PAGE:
Nutrition, Vitamin D And Tendons

Nutrition – A Fundamental of Proximal Hamstring Tendinopathy Recovery

If you’ve tried most treatments for proximal hamstring tendinopathy and there’s nothing else left that sounds sane, it could be your nutrition blocking your recovery.  Nutrition is fundamental to tendon repair.

How To Find Out What You Need

If you think you are low or deficient, consider blood testing.

Red blood cell and plasma blood tests show what’s happening inside your cells and serum whole blood tests show what’s happening outside your cells, in your whole blood, as it says.

Symptoms of deficiencies include muscle tics, tight muscles, numbness, tingling, headaches, insomnia, fatigue, muscle weakness, hair loss, dry scaly skin, palpitations and more.

Supplements – The Don’ts

It’s not ideal to pop into your local high street health food shop and pick something up, as a stab in the dark, to fix a health problem without blood testing first.  There’s a lot of great advice on the internet but using it to work out if you are low on something and trying to fix it yourself, without testing, may cause nutritional imbalances.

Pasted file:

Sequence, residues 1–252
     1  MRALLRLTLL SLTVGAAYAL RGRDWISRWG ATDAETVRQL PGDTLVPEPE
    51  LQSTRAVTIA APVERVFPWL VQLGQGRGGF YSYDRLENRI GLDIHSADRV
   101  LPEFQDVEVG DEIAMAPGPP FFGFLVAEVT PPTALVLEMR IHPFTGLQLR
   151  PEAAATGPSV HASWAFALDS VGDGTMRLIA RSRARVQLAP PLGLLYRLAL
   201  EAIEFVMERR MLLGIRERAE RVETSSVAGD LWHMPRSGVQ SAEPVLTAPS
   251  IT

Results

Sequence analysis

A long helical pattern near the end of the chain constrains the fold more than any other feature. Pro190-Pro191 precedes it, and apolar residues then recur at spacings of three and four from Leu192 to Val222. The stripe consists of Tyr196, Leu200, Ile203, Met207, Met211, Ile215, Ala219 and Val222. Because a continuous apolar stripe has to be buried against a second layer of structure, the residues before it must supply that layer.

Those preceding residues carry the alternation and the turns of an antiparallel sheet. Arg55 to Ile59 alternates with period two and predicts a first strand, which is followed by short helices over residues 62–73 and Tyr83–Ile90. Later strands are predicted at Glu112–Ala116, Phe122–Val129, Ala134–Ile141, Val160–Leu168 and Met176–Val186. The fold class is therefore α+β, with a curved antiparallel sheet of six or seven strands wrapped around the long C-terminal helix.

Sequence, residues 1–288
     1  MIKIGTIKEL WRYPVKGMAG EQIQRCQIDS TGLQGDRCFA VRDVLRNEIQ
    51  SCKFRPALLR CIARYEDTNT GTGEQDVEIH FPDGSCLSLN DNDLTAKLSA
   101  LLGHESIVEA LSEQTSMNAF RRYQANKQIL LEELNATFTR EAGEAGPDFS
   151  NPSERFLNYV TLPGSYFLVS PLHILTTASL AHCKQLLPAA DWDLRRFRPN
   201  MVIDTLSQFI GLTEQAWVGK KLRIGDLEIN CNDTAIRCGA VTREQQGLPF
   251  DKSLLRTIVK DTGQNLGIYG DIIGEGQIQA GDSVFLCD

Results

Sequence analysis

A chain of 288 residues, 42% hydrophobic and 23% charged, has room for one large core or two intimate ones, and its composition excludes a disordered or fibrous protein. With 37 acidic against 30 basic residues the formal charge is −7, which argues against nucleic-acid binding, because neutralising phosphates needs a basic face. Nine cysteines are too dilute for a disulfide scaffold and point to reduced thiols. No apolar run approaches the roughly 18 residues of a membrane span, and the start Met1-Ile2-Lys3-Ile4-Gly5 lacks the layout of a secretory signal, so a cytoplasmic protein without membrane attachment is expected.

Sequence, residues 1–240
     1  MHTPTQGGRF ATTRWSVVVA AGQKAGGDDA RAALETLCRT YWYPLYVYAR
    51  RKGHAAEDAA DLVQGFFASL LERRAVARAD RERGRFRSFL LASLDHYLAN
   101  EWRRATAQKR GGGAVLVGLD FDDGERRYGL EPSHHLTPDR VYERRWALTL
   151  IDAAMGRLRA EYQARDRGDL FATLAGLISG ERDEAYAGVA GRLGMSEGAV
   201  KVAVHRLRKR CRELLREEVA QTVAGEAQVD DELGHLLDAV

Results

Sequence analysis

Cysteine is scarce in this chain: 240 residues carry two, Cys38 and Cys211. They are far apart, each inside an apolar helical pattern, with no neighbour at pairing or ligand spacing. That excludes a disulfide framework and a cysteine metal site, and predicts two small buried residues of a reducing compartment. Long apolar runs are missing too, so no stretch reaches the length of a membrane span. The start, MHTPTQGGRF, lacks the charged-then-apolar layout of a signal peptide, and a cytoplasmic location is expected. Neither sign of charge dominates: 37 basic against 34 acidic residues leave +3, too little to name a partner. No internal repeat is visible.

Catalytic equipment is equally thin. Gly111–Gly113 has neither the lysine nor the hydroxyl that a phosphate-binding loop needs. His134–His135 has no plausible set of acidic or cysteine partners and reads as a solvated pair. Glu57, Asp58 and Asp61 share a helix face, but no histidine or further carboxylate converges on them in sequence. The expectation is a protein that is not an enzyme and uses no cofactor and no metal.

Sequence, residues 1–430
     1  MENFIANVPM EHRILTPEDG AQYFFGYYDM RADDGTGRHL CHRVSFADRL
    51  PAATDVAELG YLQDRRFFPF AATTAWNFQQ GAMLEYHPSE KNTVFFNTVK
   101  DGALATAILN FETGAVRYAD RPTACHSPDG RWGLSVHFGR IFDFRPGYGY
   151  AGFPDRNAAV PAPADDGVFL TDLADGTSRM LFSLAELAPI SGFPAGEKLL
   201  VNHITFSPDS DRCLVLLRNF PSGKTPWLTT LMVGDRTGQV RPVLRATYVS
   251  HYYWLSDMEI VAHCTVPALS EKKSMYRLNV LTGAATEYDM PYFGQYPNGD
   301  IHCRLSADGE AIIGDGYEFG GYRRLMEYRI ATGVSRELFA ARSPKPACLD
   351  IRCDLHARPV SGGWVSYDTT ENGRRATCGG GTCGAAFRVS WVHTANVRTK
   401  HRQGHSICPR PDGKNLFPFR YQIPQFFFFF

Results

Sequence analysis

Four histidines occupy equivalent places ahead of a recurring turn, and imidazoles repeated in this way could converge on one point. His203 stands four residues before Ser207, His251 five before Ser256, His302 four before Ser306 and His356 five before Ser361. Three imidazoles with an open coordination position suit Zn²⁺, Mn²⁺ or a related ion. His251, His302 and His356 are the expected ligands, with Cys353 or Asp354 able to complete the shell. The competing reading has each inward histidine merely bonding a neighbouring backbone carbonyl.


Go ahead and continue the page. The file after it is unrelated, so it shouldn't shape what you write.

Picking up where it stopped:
For example, magnesium and calcium work together to relax and contract muscles. If you are low in magnesium and top heavy in calcium, your muscles contract causing pulling on your tendons.

Excess vitamin C is eliminated by the body by attaching itself to another mineral which is excreted, resulting in mineral loss.

Whatever supplements you take, they will deplete or impede something else and so it goes on. Plus there are only so many binding sites and if there’s nowhere to bind to, the vitamin or mineral is lost.

If blood testing shows a deficiency, talk to your doctor first before taking supplements and take them temporarily, until blood tests show your levels are optimum, then stop when your doctor advises.

I still see posters on the London Underground advertising multi vitamins with a famous actor (in his 40’s) saying he’s been on them since his twenties.

What to eat (as part of a varied diet) to maintain or help repair tendons.

www.healthyeating.sfgate.com/nutrients-needed-tendons-ligaments-4392.html

Vitamin D

Low or deficient  vitamin D also impacts your musculoskeletal system.  Here’s what the UK Government have to say about it via the NHS.

“The government says it has issued new vitamin D recommendations “to ensure that the majority of the UK population has satisfactory vitamin D blood levels throughout the year, in order to protect musculoskeletal health”.

Read the full advice from the NHS using UK government guidelines here:  www.nhs.uk/news/food-and-diet/the-new-guidelines-on-vitamin-d-what-you-need-to-know

Obviously, this applies to the geographical position of the UK but gives a good indication on how important vitamin D is for everyone’s musculoskeletal health.

 

Collagen Supplements

Collagen Supplements – Do They Work?

When you’ve a long history of tendon injury and nothing seems to fix it, you put a lot of energy into considering ways you can. Ways you can get back to living your life pre PHT.